Miranda interrupted me with a kiss. Well, technically it was a kiss of the lips on lips variety. There may have been some tongue involved. I'm not entirely sure. All I remember was this intense heat that seemed to flow from her body and into mine—or was it the other way around?—like a primal surge of liquid heat. I could feel her heart pounding as she pressed her body against mine. My heart was pounding too. And I think there was this ringing sound in my ears. There was this amazing tingling sensation too, which I hoped was not the sign of poor circulation because that might lead to unconsciousness and I definitely wanted to stay awake for this.
It felt like the kiss lasted forever, though naturally it couldn't because even a genetically enhanced human body needs oxygen at some point. Eventually we managed to pull ourselves apart, hearts still pounding and ears still ringing. At least, mine were, because I couldn't quite make out what she said. My eyes were still working, though, so I saw her mouth... at least... I think she said...
"I love you too."
Miranda smiled. "You're right. It does feel great to finally say that."
"I know, right?"
"I need to tell you something."
"I... haven't been completely honest with you."
And that was the part where my heart just shrivelled up and died.
"Not about what I just said. I meant it. I do love you."
It's alive! Alive! (3) Wait a sec... aw, crap. Did that mean—
"And it's not about the sex. That was fantastic."
Oh thank God! Wait. If it wasn't about that... and it wasn't about that... "I'm confused," I admitted.
"Well, you're male, so that's to be expected."
Hah. Funny. And people say Miranda doesn't have a sense of humour. "You're stalling," I told her.
"Yes, I suppose I am. It's, well, it's easier than talking about... remember when we were going through the Shadow Broker's dossiers?"
Yeah. I did. And I remember how she was completely fine when we searched through her extranet search history and her aborted attempts at extranet dating, but totally lost it when it came to some e-mail. "I remember," I said slowly. "And I remember saying that if you didn't want to tell me, that I was fine with that. I meant every word."
"I know," Miranda said. "Just like I know you meant it when you said you... loved me. But... you were right when you said that some things have to be said before it's too late. Now it's my turn."
She activated her omni-tool. It only took a few seconds for her to pull up the e-mail in question:
From: Illium Medical Center, Prenatal Care Department
RE: TEST RESULTS, PATIENT 12-66AD-1
As per your request for privacy, this message will be removed from our database upon confirmation of send integrity.
While we cannot firmly attribute the cause of the benign neoplasm to the irregularity in your genetic makeup, we can confirm that the progressive damage renders you unable to conceive a child.
About 12 percent of human women ages 18–54 have difficulty getting pregnant or staying pregnant according to data obtained from the Institute of Species Research (ISR). There are many support groups if you wish to discuss your condition and several options available should you wish to consider the adoption of a child.
If you require further consultation, please contact our communication officer.
Dr. Banner Grenway
Department Medical Director
Illium Medical Centre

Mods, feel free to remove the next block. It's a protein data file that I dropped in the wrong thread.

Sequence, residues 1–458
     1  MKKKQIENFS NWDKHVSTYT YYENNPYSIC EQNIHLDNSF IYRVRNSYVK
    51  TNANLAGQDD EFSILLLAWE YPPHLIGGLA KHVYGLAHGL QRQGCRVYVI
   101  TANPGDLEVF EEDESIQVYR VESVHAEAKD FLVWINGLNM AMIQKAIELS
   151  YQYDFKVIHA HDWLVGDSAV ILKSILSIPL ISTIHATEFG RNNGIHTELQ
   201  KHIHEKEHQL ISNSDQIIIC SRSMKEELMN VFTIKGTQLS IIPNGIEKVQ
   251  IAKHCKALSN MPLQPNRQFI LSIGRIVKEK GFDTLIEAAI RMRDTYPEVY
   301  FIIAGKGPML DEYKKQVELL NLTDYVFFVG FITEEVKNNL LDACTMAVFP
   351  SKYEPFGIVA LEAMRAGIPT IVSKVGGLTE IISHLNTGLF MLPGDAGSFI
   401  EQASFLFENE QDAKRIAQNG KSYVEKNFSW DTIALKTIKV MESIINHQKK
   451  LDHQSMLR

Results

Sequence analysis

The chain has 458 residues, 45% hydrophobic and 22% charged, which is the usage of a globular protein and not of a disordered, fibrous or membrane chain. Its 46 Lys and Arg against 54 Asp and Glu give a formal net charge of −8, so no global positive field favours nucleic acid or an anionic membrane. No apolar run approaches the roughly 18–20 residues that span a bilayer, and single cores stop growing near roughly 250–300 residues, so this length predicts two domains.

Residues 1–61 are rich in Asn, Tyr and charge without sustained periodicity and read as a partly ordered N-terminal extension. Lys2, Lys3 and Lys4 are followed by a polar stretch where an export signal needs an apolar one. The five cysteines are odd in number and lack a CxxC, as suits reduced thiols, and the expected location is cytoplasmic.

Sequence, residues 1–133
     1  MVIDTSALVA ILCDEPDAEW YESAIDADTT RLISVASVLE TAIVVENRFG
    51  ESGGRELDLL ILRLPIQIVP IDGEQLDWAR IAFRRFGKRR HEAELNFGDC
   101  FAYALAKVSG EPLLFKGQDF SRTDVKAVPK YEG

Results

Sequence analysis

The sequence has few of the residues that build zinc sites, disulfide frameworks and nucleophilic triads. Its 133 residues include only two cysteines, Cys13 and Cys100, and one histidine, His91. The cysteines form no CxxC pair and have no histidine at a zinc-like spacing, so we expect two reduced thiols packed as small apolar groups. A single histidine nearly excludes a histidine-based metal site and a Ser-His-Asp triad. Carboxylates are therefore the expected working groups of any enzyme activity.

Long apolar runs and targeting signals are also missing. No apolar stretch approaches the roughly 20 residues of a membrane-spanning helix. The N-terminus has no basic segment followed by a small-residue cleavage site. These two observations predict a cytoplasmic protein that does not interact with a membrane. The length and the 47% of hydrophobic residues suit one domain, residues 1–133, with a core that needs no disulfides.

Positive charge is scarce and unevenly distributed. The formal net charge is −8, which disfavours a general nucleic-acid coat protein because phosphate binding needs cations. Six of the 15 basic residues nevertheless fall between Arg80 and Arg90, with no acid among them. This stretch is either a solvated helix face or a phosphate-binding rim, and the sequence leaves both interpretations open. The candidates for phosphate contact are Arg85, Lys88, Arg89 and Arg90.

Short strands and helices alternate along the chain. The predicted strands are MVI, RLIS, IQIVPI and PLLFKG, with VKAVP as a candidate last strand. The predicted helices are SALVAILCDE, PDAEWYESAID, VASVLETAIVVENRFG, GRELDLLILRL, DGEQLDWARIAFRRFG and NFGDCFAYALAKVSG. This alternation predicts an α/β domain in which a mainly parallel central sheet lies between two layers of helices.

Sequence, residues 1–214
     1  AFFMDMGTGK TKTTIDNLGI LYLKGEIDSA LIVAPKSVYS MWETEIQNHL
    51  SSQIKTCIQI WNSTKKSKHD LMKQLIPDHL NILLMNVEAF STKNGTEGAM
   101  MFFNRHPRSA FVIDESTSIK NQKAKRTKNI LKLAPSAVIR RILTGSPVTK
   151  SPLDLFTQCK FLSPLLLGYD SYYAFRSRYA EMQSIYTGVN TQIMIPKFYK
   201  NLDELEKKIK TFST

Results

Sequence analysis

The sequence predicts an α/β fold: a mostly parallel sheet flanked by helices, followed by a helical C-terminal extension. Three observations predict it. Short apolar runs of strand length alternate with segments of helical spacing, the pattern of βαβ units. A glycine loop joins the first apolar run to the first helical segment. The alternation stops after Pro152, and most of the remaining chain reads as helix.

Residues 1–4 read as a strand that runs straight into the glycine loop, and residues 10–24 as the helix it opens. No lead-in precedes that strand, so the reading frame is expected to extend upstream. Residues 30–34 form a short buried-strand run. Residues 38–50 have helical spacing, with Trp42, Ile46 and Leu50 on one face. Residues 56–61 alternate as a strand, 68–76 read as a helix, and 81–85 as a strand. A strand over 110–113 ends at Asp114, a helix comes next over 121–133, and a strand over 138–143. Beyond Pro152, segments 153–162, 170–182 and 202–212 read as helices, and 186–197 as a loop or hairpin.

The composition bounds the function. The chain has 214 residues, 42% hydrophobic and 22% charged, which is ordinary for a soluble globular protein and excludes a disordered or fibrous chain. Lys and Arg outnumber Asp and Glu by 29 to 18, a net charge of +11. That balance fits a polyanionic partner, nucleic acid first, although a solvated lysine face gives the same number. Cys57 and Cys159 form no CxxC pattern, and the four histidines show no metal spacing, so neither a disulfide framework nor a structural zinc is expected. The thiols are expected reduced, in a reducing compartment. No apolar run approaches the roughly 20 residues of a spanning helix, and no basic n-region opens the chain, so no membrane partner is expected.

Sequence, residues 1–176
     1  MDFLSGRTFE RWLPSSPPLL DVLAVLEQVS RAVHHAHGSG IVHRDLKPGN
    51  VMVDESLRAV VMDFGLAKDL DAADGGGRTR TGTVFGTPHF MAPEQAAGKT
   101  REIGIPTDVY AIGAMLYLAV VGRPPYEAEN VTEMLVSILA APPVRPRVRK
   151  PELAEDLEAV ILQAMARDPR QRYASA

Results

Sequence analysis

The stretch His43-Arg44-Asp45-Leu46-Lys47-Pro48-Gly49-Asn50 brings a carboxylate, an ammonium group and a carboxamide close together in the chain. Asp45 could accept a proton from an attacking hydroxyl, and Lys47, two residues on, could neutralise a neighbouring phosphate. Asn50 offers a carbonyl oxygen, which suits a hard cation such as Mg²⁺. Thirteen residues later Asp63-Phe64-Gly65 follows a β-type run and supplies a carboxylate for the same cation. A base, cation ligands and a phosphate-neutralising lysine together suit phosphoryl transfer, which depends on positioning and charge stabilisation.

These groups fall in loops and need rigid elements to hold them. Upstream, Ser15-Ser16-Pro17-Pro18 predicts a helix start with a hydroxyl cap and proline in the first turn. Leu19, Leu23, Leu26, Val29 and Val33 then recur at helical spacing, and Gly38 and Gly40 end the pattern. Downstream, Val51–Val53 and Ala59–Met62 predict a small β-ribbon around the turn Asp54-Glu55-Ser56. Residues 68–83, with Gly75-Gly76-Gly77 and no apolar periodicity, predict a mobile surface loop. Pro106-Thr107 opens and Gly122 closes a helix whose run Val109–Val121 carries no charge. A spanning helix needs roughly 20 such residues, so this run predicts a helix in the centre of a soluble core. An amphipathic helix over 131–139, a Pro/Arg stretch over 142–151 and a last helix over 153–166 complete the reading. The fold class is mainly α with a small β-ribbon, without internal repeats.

Oh. Oh God. "Miranda," I said, "does that mean you have…"
"Cancer?" she finished, somewhat matter-of-factly. "Yes, I did. Benign tumour on my pituitary gland. The resulting increase in hormones resulted in infertility. All that was needed to fix the problem was basic surgery, plus some minor gene therapy to prevent any reoccurrence. Easily available with modern-day medicine. (4) Hardly something that would prevent me from ever having a child. Dr. Grenway and the so-called experts at the Illium Medical Centre should have known that. Which is why they're currently in the midst of multiple class-action lawsuits. Fucking overpriced hacks."
"Oh… that's good… I guess. I'm glad you're okay." For once, I didn't know what to say. All I knew was I had to tread very carefully here. "So your… reaction when we last saw the e-mail… were you just… reluctant to pore through your personal medical history or something?"
"Not really," Miranda sighed. "It's just… it's silly, really."
"It's cancer," I pointed out. "Once upon a time, it was a death sentence. Now it's more or less treatable, but it still has the potential for a whole bunch of nasty surprises. So I don't think it's 'silly'."
"It's the surprise part more than anything," Miranda admitted. "Not health-wise, but… all the work that had gone into designing and optimizing my genome, all the scenarios and simulations, were intended to prevent this sort of thing from happening. I shouldn't have had cancer. The fact that I did just proved, yet again, that I wasn't perfect. I know it seems silly. Self-absorbed. Petty, even. There are hundreds, if not thousands of people out there in the galaxy who could only dream of having such a minor problem as a benign tumour."
"True," I agreed. "But it must have been a… an unpleasant discovery." After all, Miranda had spent most of her life defining herself as the model of perfection, and desperately striving for any accomplishment, any achievement that justified that definition. To have this thrown at her would be yet another addition to a long list of perceived imperfections and failures. Perhaps the most significant addition to date.
I was about to say something else, but then something struck me. The dossier that the Shadow Broker had on her also included her dating history. In it, she'd expressed a strong interest in the genetic history of prospective… candidates, for lack of a better word. At the time, I thought it was just Miranda being Miranda. In light of what she'd just told me, though… "Does this have anything to do with that extranet dating profile you had a while back?"